With mda-rs I wanted to create an experience as close as possible to using an interpreted domain specific language, the approach follow by typical MDAs, while still having the performance and power of a full, compiled language at the fingertips. One aspect of this experience was providing an API that feels like natural fit for the intended purpose. The other aspect was providing a straightforward way to build a custom MDA. For this second aspect, the simplicity of Rust's cargo was one of the reasons I decided to use Rust for this project.

Another decision catering to a similar ease-of-use goal was that the user shouldn't be required to use external programs to transform the data just so they could perform basic matching. To this end, mda-rs, like maildrop, normalizes the email before processing, by decoding and converting all text MIME content parts (including MIME encoded-words in headers) to plain UTF-8.

Of course, I also wanted the resulting custom MDAs to be fast; performance was my main disappointment with other MDAs after all. Performance requires an efficient implementation, but also and an API that encourages performant use. An example of the effect of such a concern on the mda-rs API, is that the API provides access to the header fields by name, so that one can perform targeted per-header-field string searches, which can be much faster than regular expression searches of the whole header.

Finally, an important requirement for all MDAs is that the email delivery is durable, i.e., that no email will be lost in case of a system failure. In other words, at any point in time at least one of the local filesystem and the email server should have a complete and fully accessible copy of the email.

While investigating the best way to provide such durability guarantees, I noticed that all three MDAs mentioned previously are fsyncing the written email file, as expected. However, they are not fsyncing the containing directory, which could potentially lead to the file not appearing on the filesystem 1. The exact guarantees in this scenario seem to be dependent on the filesystem, but, to provide maximum durability, mda-rs fsyncs both the file and the containing directory by default. This does incur a performance penalty, so I have also included an option to use the file-sync-only approach if preferred.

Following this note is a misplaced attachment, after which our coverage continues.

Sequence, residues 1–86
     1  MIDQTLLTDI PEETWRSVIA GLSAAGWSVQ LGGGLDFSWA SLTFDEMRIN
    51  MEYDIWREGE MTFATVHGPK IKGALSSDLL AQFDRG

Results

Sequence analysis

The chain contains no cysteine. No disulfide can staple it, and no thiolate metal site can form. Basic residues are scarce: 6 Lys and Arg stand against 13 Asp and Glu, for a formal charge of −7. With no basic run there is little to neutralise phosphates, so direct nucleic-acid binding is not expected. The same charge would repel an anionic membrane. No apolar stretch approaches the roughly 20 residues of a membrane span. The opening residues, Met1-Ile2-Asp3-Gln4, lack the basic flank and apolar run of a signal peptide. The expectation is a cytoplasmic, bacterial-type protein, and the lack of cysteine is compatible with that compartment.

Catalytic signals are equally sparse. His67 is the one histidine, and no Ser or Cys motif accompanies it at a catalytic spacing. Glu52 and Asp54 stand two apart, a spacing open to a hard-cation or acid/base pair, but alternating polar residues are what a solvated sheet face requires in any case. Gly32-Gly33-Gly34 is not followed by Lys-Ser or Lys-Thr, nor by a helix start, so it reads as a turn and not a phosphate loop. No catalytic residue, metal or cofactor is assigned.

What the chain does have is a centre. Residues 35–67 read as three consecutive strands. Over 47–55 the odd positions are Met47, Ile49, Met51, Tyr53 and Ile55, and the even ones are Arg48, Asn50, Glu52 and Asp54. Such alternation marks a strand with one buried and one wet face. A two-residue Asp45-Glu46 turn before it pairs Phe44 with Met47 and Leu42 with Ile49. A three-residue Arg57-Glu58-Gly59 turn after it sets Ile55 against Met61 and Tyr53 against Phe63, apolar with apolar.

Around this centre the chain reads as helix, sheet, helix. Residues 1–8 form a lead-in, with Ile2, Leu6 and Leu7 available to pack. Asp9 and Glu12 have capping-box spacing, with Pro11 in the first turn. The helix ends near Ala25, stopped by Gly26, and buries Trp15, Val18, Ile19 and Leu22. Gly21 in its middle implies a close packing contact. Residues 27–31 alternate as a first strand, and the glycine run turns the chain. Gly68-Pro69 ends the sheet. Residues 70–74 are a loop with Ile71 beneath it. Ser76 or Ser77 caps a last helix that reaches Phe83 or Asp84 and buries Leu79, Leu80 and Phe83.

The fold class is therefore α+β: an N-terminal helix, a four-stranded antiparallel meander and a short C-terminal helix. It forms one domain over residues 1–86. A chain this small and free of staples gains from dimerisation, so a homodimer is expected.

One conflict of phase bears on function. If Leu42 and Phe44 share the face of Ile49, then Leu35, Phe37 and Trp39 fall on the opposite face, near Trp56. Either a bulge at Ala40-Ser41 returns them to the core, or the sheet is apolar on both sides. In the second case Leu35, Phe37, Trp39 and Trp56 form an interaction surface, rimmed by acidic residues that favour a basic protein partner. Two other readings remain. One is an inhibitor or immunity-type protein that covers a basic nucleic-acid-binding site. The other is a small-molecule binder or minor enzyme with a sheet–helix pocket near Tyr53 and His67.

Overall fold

Since mda-rs was written to cater primarily to my personal needs, it currently has some limitations, or unimplemented functionality, if you will. The most prominent one is that it delivers to maildir only, since that's the only mailbox format I use. The second is that there is no built-in way to change the email data (e.g., add a header field) except by filtering through an external tool, since this is another feature I don't use.

Here is a small taste of how a custom MDA would look like with mda-rs:

use std::path::PathBuf;

use mda::{Email, EmailRegex, Result, DeliveryDurability};

fn main() -> Result<()> {
    let root = PathBuf::from("/tmp/my-personal-mail");

    let mut email = Email::from_stdin_filtered(&["/usr/bin/bogofilter", "-ep"])?;
    // Use quicker (but possibly less durable) delivery.

    let from = email.header_field("From").unwrap_or("");
    let bogosity = email.header_field("X-Bogosity").unwrap_or("");

    if bogosity.contains("Spam, tests=bogofilter") ||